Thousands stranded by Lufthansa cabin crew strike
A strike by the Lufthansa cabin crew disrupted hundreds of flights on Friday, stranding thousands of passengers who faced further delays over a busy holiday travel weekend from a rolling series of stoppages about pay and cost cuts.
Frankfurt Airport operator Fraport AG said it had asked for no flights to depart to Frankfurt from European destinations, citing a lack of parking positions at Germany's busiest airport due to planes grounded by the strike. Intercontinental flights were not affected, Fraport said.
Germany's biggest airline said it canceled most of the 360 scheduled arrivals and departures at its Frankfurt hub during Friday's eight-hour strike, which followed the breakdown of 13 months of talks with trade union UFO. UFO, which represents around two-thirds of Lufthansa's 19000 flight attendants, did not rule out further stoppages over the weekend and said it could call for industrial action at other airports today or tomorrow.
"It depends a lot on what Lufthansa's response is," UFO head Nicoley Baublies told Bayerischen Rundfunk radio, warning the airline not to pressure workers to break the strike.
The stoppages were initially focused on flights to and from Frankfurt, but might affect the airline's wider European and global network and could cost it millions of euros a day in lost revenue. Lufthansa said it would try to place passengers on trains and alternative flights.
"The call to strike action may lead to unscheduled flight delays and cancellations," Lufthansa said in a message to passengers on its website. "Long-haul flights are the uppermost priority and, wherever possible, should not be canceled. Nevertheless, delays must be anticipated."
The coming weekend promises to be busy for travel because it marks the end of the summer holidays in many parts of Germany, and many Germans would be planning to get away since some regions are still in the midst of their summer breaks.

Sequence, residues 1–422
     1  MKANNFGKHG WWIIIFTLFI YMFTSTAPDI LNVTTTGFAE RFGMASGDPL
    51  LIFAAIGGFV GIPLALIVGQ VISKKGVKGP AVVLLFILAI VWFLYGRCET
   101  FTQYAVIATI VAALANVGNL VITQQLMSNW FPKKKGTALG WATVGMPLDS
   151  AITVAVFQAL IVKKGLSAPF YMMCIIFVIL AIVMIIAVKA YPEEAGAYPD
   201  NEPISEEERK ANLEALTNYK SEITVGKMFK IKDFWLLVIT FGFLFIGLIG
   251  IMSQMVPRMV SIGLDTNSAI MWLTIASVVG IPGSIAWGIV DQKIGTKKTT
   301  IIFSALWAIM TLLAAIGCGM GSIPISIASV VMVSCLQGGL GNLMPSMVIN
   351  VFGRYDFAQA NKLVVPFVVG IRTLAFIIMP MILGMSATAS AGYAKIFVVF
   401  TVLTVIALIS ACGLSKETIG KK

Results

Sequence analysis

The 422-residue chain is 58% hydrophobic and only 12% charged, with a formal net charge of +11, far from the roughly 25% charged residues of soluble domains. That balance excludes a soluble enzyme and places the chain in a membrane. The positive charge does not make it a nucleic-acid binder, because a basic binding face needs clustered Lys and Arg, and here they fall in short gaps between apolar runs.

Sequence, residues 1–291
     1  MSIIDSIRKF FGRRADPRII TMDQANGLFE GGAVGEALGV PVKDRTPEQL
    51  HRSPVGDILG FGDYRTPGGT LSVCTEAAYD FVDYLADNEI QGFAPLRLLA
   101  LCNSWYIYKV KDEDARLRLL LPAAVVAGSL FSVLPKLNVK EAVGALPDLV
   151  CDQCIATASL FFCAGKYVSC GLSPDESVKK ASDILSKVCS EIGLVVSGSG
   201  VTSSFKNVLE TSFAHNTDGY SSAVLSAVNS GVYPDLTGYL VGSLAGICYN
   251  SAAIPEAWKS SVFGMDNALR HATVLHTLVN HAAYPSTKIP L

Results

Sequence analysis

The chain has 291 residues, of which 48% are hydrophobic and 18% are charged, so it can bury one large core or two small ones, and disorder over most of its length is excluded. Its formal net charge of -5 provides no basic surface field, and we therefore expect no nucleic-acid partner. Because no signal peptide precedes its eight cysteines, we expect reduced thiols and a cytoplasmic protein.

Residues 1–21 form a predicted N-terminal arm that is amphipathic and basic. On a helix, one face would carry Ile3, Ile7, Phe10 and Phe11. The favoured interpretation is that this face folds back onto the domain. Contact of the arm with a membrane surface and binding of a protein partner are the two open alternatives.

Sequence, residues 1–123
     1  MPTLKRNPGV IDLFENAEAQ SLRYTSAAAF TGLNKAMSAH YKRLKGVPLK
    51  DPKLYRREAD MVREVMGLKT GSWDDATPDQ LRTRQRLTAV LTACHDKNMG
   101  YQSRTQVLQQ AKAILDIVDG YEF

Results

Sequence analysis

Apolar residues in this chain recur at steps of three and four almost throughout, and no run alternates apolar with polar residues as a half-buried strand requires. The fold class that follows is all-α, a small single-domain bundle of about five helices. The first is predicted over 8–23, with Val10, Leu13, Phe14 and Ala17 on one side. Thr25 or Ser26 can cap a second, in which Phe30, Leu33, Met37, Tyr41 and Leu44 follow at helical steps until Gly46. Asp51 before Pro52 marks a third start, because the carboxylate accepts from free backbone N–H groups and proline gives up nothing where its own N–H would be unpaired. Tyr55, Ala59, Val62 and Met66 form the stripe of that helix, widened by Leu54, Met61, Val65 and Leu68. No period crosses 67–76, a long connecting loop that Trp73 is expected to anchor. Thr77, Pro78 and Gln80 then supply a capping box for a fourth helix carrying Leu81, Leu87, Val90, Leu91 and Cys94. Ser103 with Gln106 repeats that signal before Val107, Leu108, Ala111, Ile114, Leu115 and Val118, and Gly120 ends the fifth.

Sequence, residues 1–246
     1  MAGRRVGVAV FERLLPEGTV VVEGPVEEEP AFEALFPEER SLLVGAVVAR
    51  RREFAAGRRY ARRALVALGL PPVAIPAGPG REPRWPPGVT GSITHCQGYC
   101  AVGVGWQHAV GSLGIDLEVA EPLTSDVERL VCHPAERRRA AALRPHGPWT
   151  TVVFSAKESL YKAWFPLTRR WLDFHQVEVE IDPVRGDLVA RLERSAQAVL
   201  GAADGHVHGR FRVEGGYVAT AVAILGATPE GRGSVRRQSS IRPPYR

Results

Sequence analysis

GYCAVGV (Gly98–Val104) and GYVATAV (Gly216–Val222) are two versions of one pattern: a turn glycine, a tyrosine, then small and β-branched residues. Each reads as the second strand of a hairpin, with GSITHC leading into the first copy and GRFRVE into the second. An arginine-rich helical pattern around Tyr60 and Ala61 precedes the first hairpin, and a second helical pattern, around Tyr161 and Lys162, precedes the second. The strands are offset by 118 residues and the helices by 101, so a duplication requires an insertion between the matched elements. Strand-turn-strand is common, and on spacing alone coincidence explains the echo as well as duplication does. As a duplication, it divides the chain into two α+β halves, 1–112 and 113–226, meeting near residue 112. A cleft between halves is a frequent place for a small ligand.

Long lines of passengers waited at Lufthansa service counters in Frankfurt where peanuts and bottles of water or apple juice were offered to disgruntled travelers.
Helga Froesch, munching sausage and bread while holding sparkling wine in a plastic glass in her other hand, said her flight to Malta has been delayed by a day. "We are now eating our breakfast," she said.
Sara Vassallo, traveling with her husband and two children from Cape Town en route to Marseille, said, "We are used to strikes in France, but not here."
Like most global airlines, Lufthansa is battling soaring fuel prices, weak demand from cash-strapped passengers and economic slowdown, as well as fierce competition from low-cost carriers such as Ryanair.
Lufthansa, which operates around 1850 flights daily, mostly from Frankfurt and Munich, also needs to generate more profit to pay for 17 billion euros ($21.3 billion) of new aircraft on order.
The UFO union, which represents around two-thirds of Lufthansa's 19000 flight attendants, wants a 5% pay rise and guarantees that Lufthansa will not outsource jobs and use more temporary workers, as it has already done in Berlin.
Lufthansa says cabin crew must contribute to the cost-cutting programme. UFO warned this week the industrial action could continue for a long time and widen into nationwide stoppages if Lufthansa does not meet its demands.